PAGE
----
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Kawamata, Fukushima: The World’s Thinnest Silk Wins a Global Following
[2012.04.27] Read in: 日本語 | 简体字 | 繁體字 | FRANÇAIS | ESPAÑOL | العربية |

From just after Japan’s opening to the West in the late Edo period (1603–1868) through the 1960s, silk was the nation’s representative export. Today demand for Japanese silk has fallen due to cheaper silk from other countries and synthetic fabrics, but the town of Kawamata in Fukushima Prefecture—one of Japan’s silk centers—is aiming to revitalize Japanese silk production using world-class technology.

The World’s Thinnest Fabric

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Fairy Feather silk is thin to the point of transparency, as seen in this scarf.

The supple Fairy Feather silk developed in Fukushima Prefecture’s town of Kawamata, one of Japan’s most renowned silk production centers, is the thinnest in the world, and so light that it feels like a concentrated layer of air—perhaps even as thin as the legendary hagoromo, or feather mantle, from Japanese folk tales. Fairy Feather is made from 8-denier silk microfibers that are only one-sixth as thick as a human hair (about 50 deniers). This organdie (an ultrathin, plain-woven, sheer fabric), woven on a loom from thousands of silk microfiber warp threads, is so light that it feels nearly weightless to the hand. The softness of such a thin cloth envelops the skin gently and surely.

Kawamata’s Fairy Feather is said to be the thinnest silk in the world. The technology enabling industrial production of this fabric has won high praise, including the Prime Minister’s Prize, the highest honor at the 2012 Monozukuri Nippon Grand Awards. Although silk production is one industry that has been moving overseas, Fairy Feather continues to attract attention as a globally competitive product.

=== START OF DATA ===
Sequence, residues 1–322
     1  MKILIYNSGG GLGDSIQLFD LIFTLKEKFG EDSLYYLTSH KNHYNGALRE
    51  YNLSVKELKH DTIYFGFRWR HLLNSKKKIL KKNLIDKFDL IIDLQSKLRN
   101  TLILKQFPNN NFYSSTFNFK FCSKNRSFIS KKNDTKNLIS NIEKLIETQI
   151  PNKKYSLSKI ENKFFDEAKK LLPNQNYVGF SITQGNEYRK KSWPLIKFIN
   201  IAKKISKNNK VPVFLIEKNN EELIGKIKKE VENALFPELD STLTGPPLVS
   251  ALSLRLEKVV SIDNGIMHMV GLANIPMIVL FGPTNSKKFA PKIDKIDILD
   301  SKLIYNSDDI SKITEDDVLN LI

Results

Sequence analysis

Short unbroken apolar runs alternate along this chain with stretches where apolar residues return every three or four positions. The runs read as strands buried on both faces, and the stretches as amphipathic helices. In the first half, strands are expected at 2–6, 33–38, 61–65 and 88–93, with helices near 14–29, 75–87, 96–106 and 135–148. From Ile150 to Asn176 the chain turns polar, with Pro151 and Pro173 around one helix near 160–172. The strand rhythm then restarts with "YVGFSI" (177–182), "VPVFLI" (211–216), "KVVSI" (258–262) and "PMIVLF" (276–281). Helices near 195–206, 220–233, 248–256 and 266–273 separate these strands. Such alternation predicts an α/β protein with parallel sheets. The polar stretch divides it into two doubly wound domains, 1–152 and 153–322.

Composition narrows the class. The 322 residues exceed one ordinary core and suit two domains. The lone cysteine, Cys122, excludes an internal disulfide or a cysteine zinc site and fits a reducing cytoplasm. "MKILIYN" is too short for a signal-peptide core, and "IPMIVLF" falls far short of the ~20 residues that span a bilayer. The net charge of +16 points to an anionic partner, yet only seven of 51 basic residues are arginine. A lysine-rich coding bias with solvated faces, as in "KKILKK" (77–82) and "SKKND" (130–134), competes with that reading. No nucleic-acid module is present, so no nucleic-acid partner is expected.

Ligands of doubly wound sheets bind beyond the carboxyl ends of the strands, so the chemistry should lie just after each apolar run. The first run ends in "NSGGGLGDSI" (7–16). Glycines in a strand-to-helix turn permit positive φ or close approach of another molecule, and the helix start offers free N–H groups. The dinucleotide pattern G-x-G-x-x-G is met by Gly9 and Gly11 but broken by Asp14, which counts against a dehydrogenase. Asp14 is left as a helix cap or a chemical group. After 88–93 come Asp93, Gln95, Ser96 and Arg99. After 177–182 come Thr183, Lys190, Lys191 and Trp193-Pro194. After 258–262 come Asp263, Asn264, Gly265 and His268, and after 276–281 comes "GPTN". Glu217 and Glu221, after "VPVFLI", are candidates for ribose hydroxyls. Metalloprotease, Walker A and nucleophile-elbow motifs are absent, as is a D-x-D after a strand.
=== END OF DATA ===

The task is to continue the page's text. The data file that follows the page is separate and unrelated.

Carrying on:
Birthplace of the “Yokohama Scarf”

The cover page of an English-language woodcut print calendar produced in 1911 by the Kawamata Silk Refining Co., Ltd. This calendar was a bonus gift accompanying silks exported to Europe or America.

The town of Kawamata has been known for producing thin silk since ancient times. According to legend, Otehime, the empress-consort of Emperor Sushun (r. 587–92), fled to Kawamata after the emperor was assassinated in 592. There she propagated the arts of sericulture, or silkworm cultivation, and weaving. A text from the mid-seventeenth century says that Kawamata was already widely known as a silk town, and the region began exporting the product internationally in the 1880s.

The manufacture of silk scarves boomed in the port city of Yokohama, and “Yokohama scarves” became famous worldwide, even for a time holding an 80% share of the global market. Almost half of these so-called Yokohama scarves were actually made from cloth produced in Kawamata.